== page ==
Jaune Quick-to-See Smith - Decolonizing the Exhibition

Date

Thursday, November 29, 2018

Time

5:30 pm

Location

College Center Villard Room

Opening Event and Reception for Imagining Indigenous Futures

A panel discussion entitled Decolonizing the Exhibition: Four Perspectives on Indigenous Visual Culture in the Museum Space, will focus on the ways contemporary Indigenous art has historically been understood, collected, and displayed; the extent to which Imagining Indigenous Futures in the Palmer Gallery has reckoned with these concerns; and some of the ways contemporary Indigenous artists continued to narrate their own histories and realities despite certain market demands and colonizing stereotypes. Panelists will include Salish artist Jaune Quick-to-See Smith; Vassar Professor of Native American Studies Molly McGlennen; art collector and donor Edward J. Guarino; and a Vassar student enrolled in the course Decolonizing the Exhibition. The panel will be followed by a reception with refreshments in the Palmer Gallery.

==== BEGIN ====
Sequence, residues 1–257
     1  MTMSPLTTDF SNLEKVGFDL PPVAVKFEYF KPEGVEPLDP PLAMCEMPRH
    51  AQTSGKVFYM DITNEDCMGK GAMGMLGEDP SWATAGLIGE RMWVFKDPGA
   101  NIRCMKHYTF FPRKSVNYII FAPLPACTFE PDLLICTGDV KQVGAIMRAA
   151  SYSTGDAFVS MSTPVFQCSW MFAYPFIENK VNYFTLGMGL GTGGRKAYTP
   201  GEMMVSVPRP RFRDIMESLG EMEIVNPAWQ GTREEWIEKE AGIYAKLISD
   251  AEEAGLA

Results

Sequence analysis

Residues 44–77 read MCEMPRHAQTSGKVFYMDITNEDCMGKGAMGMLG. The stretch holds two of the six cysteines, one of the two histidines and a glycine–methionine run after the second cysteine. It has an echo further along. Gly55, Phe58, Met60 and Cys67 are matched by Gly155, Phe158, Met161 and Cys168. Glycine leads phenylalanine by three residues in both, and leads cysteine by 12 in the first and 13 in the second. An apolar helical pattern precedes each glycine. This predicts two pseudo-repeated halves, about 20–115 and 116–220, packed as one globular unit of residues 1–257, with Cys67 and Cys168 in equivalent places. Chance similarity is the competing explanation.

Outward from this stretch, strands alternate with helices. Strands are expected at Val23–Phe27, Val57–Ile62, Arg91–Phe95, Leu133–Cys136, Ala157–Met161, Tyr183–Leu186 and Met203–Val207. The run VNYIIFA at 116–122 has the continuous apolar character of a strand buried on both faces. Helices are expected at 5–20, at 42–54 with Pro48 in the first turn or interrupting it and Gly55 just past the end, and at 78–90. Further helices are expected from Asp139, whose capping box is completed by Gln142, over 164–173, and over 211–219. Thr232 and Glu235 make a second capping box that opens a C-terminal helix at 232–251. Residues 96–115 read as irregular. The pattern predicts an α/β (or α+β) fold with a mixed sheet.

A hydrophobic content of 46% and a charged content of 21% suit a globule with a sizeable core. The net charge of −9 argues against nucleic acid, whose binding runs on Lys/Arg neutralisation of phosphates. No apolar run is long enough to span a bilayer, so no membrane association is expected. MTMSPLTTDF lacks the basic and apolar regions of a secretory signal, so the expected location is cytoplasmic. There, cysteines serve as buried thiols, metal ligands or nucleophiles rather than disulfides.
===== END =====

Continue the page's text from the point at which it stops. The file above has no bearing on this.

Historically, Indigenous art has been collected and exhibited in ethnographical ways by framing objects as nameless crafts and by rendering Native peoples and their histories through a romanticized and fated lens. With Decolonizing the Exhibition: Imagining Indigenous Futures, Professor McGlennen and her students aim to unsettle this enduring curatorial tradition by using the stories, writings, and theorization of exclusively Indigenous artists and scholars to contextualize the contemporary works. The exhibition will include 31 works by 18 Native artists representing nations across Indigenous North America. McGlennen and her class hope to reveal the various ways artists -- such as Jaune Quick-to-See Smith, Kent Monkman, Shan Goshorn, and Rick Bartow – engage in vibrant, decolonial labor essential in contesting colonizing narratives, which have worked to render Indigenous people invisible, taxonimized, and disposable. All of the works in this exciting exhibition challenge the inevitability of those common assumptions while they project the beautiful and innovational ways Indigenous visual culture expresses sovereign futurity.

Contact
Melissa McAlley

Department
American Studies